Simulations using fluorescent tracers can be useful in understanding the spread of pathogens and in devising effective infection control strategies. In a study reported by Alhmidi, et al. (2016), during simulated patient care interactions in which providers wore gloves and gowns, researchers evaluated environmental and personnel dissemination of fluorescent lotion and bacteriophage MS2 from a contaminated mannequin. The frequency of skin and clothing contamination after removal of personal protective equipment (PPE) was compared before versus after an intervention that included education and practice in PPE donning and doffing.
Ten healthcare personnel participated in 30 pre-intervention and 30 post-intervention patient care simulations. Fluorescent lotion and bacteriophage MS2 were rapidly disseminated to touched surfaces throughout the room; there was no difference in the frequency of contamination before versus after the PPE training intervention. After the intervention, there was a decrease in skin and/or clothing contamination with fluorescent lotion (9/30, 30 % versus 1/30, 3 %; P = 0.01) and bacteriophage MS2 (8/30, 27 % versus 2/30, 7 %; P = 0.08) and there was a significant reduction in the concentration of bacteriophage MS2 recovered from hands (0.31 versus 0.07 log10plaque-forming units; P < 0.01).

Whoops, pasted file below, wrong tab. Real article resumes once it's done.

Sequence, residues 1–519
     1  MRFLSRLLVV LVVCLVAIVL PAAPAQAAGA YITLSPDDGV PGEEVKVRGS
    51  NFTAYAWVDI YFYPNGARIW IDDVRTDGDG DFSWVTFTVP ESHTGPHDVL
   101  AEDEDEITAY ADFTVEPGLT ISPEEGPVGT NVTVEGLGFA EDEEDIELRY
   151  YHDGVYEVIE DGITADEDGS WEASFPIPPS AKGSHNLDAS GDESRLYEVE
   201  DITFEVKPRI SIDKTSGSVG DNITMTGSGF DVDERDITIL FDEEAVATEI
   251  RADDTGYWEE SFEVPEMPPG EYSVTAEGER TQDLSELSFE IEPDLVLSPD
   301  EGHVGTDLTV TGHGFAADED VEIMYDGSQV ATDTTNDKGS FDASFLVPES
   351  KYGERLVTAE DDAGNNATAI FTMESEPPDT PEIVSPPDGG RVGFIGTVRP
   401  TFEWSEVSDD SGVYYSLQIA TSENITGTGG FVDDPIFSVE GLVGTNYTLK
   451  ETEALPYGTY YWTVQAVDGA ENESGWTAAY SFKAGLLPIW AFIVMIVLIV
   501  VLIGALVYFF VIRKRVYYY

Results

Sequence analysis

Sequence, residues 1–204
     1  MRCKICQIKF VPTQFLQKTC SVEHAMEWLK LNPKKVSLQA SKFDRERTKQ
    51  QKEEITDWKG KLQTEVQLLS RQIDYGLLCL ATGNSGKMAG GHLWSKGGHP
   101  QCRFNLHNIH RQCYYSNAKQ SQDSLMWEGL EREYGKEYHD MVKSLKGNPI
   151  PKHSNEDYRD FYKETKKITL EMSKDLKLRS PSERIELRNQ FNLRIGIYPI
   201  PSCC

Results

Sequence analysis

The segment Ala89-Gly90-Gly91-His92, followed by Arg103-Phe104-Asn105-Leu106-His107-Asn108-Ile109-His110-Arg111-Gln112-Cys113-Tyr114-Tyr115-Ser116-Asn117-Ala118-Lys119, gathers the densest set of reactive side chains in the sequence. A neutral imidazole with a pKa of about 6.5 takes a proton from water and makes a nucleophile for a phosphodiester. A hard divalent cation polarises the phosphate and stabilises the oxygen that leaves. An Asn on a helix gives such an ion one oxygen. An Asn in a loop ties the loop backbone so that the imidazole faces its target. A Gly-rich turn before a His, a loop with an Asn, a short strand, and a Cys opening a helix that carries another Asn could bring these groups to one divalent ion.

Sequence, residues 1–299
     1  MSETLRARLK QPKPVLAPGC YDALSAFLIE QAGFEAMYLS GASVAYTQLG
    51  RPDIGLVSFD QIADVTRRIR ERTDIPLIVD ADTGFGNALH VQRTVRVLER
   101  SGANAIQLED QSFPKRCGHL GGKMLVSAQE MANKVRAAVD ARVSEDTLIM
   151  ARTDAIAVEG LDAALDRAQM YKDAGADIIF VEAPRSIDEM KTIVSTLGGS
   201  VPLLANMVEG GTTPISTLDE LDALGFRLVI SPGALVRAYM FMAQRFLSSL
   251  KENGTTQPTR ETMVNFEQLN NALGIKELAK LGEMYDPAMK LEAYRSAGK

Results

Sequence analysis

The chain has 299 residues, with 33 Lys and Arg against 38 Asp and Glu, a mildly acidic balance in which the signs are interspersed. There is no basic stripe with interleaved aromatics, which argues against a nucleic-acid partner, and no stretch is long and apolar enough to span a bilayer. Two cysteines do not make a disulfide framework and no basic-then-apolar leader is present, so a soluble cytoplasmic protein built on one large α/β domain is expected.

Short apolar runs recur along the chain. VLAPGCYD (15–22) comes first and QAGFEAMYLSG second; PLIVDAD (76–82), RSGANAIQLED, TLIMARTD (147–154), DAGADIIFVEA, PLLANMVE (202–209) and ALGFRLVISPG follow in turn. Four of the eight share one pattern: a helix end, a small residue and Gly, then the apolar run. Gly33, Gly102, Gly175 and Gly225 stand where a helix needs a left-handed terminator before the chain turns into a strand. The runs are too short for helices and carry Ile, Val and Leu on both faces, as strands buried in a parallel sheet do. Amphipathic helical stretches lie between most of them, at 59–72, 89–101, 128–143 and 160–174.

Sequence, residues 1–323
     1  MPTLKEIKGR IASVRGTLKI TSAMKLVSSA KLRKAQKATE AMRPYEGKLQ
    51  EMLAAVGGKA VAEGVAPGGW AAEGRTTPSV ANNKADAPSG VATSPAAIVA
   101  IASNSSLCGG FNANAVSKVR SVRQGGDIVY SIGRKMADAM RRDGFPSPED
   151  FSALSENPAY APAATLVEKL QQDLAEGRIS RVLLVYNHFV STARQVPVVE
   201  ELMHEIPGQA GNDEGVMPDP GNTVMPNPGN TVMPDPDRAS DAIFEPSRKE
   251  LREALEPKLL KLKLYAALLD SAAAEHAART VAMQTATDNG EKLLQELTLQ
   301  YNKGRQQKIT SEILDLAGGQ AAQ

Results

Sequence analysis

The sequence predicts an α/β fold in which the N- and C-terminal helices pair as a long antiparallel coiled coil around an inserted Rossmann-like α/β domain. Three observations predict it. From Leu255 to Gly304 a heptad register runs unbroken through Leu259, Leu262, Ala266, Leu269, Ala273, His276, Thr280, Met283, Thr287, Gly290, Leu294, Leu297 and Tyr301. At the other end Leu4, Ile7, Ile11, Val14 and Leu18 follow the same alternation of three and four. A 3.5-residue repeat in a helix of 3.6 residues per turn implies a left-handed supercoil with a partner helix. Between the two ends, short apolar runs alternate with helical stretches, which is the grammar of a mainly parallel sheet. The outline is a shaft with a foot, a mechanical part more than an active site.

The researchers say their findings suggest that simulations with fluorescent lotion can be a useful teaching tool to illustrate the spread of pathogens and provide further evidence that simple PPE training interventions can be effective in reducing contamination of personnel.
Reference: Alhmidi H, et al. A pilot study to assess use of fluorescent lotion in patient care simulations to illustrate pathogen dissemination and train personnel in correct use of personal protective equipment. Antimicrobial Resistance & Infection Control.2016;5:40